Research has pointed to the brain as the next frontier in treating our bodies. Recent studies indicate Rekinetics could lead the way in clinical applications.
Why it works
Since we have not yet been able to look inside the brain during research, the reasons for why a technique like Rekinetics works are still up for debate. Below are three of the most prominent hypotheses.
Bilateral Access Model - When you make a movement on one side of your body, this model says that you develop blueprints for that movement. Those blueprints are accessible to both hemispheres of the brain. If one side of the body has a better blueprint, the hypothesis is that Rekinetics can effectively transfer that blueprint to be used by the other side. An example of the blueprint would be the neurological pathways the brain uses to communicate with and activate a muscle.
Cross Activation Model - During movements of your left limb, for example, your neuromuscular system activates the right limb. Since Rekinetics exercises were developed for how the brain processes movement, this cross activation may have more of a pronounced effect than in similar experiments.
Hemispheric Synchronization - When the brain's hemispheres are firing in sync, both cognitive and physical advantages can be gained. Since Rekinetics uses both bilateral and unilateral exercises, the technique may be leading to greater synchronization and more neurological activation.
The brain as the next frontier
The below quote from "Dustin Grooms, PhD, and Gregory Meyer, PhD, Updated Hardware, 2016" speaks to the future direction of sports rehabilitation. References are included in the Recommended Reading section.
"We now know that ACL [and other ligaments] provides more than simple mechanical stability, and the injury and recovery process has systemic neuromuscular effects. Rehabilitative interventions are needed to restore dynamic knee stability. However, looking beyond the joint for optimal development of dynamic stability may be warranted. Emerging evidence indicates that ACL [and other ligament] injury induces a mild neurological insult to the central nervous system (CNS), causing neuroplastic changes due to the lost mechanoreceptors, pain and developed motor compensations. Neuroplastic disruption likely begins immediately after ACL injury (and perhaps even before as the noncontact mechanism is a motor coordination error) and progresses until altered motor strategies become the norm. Restoring baseline function becomes a fight against maladaptive neuroplasticity developed in the wake of the altered CNS input and subsequent motor output compensations. The answer could rely on evolved neuroscience technologies that can now add the brain as a key rehabilitation target."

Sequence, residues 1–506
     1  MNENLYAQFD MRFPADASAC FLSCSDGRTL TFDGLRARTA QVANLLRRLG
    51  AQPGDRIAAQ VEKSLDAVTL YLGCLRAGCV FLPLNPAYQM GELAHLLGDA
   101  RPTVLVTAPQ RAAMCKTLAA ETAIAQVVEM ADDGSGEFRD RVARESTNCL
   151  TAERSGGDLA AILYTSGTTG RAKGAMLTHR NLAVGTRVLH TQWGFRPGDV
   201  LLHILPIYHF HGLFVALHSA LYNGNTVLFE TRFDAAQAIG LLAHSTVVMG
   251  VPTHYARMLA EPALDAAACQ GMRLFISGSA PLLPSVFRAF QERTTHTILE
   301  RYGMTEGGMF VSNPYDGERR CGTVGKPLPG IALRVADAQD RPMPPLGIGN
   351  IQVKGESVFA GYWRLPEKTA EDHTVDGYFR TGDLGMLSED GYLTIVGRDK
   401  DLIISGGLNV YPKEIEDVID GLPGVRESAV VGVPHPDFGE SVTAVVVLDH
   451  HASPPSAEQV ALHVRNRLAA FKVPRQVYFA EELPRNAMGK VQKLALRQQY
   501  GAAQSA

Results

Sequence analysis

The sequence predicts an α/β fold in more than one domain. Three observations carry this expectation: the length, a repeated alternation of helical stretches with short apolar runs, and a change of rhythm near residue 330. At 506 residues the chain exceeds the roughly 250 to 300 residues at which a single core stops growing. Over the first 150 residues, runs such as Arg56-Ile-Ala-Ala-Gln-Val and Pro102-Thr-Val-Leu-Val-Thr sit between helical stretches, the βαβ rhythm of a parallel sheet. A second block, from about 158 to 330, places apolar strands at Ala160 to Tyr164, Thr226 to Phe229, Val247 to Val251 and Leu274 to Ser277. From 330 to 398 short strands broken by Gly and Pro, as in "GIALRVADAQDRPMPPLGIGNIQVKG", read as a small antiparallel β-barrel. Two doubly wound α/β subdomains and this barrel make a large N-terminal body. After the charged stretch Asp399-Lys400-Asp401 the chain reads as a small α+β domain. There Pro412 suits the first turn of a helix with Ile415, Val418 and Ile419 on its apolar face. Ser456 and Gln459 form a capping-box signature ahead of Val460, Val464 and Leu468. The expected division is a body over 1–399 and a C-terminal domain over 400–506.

- Grooms, D., Page, S., et al, Neuroplasticity associated with Anterior Cruciate Ligament Reconstruction, 2016.
- Beyer, K. S., Fukuda, D. H., et al, Short-term unilateral resistance training results in cross education of strength without changes in muscle size, activation, or endocrine response, 2016.
- Baumeister J, Reinecke K, Weiss M. Changed cortical activity after anterior cruciate ligament reconstruction in a joint position paradigm: an EEG study. Scand J Med Sci Sports 2008.
- Leung, M., Rantalainen, T., Teo, W. P., and Kidgell, D., Motor cortex excitability is not differentially modulated following skill and strength training, 2016.
- Lepley AS, Gribble PA, Thomas AC, et al. Quadriceps neural alterations in anterior cruciate ligament reconstructed patients: a 6-month longitudinal investigation. Scand J Med Sci Sports 2015.
- Hendy, A., Lamon, S., The Cross Education Phenomenon: Brain and Beyond, 2017.